CBS Washington reports that the Supreme Court ruled in a 5-4 vote that states cannot be sued for refusing to give employees time off to recover from an illness. The Court’s decision will not let Daniel Coleman sue the Maryland State Court of Appeals for damages for firing him after he requested sick leave. He “blamed Congress for not equating family care and self-care when lawmakers wrote the Family and Medical Leave Act (FMLA).”
Coleman had asked for a medical leave of 10 days in 2007 to deal with hypertension and diabetes. After being what he said was wrongfully fired after his request was denied, he sued for $1.1 million in damages under the FMLA, but his lawsuit was thrown out, and the Fourth U.S. Circuit Court of Appeals said states could not be sued under the FMLA.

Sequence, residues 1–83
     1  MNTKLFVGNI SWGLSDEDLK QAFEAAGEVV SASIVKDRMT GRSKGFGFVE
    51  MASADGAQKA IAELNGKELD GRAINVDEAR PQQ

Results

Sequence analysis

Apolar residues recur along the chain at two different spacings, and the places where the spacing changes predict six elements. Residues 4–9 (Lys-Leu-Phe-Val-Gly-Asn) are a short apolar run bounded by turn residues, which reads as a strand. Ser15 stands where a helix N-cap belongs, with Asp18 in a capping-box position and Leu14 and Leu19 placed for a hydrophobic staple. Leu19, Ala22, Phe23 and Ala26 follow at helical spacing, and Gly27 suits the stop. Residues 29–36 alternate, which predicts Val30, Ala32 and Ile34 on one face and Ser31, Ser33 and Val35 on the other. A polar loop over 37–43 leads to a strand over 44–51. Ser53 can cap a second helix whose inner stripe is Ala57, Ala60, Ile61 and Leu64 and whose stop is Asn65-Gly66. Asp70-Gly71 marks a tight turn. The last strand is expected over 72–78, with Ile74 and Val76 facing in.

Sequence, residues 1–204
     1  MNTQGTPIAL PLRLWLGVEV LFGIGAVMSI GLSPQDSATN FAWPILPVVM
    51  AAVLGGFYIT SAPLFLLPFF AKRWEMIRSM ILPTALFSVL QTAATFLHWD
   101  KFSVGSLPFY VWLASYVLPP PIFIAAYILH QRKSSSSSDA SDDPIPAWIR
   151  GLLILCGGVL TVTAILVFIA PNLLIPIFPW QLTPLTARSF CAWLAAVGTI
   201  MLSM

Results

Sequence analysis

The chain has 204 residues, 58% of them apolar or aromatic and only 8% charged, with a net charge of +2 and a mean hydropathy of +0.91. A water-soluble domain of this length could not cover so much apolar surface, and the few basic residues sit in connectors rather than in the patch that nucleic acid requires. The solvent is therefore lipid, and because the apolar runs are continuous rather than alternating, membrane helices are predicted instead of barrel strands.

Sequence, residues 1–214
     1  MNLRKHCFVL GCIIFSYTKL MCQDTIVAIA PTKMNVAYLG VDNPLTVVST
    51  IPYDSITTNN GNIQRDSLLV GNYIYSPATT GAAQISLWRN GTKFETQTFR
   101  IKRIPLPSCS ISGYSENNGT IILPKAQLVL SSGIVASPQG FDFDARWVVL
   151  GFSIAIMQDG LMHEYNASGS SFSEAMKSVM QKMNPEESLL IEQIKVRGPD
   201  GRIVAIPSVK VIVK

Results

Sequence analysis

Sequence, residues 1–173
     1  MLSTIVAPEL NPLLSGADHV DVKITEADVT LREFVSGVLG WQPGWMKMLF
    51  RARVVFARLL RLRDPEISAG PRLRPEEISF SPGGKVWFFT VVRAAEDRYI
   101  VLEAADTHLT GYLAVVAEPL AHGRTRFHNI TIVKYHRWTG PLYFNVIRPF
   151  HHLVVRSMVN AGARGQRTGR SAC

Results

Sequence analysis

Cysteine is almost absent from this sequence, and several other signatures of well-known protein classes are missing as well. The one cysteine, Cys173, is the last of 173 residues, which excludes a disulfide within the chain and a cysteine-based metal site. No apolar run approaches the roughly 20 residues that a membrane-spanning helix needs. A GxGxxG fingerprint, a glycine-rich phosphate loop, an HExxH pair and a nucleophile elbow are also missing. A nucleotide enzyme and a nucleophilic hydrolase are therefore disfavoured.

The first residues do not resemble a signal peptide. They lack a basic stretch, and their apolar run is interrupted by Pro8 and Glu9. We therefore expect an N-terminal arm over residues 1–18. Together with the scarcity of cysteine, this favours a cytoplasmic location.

Justice Anthony Kennedy, who wrote for the Supreme Court’s majority, said, “An explicit purpose of the Congress in adopting the FMLA was to improve workplace conditions for women. But states may not be subjected to suits for damages based on violations of a comprehensive statute unless Congress has identified a specific pattern of constitutional violations by state employers.”
The case is Coleman vs. Court of Appeals of Maryland, 10-1016.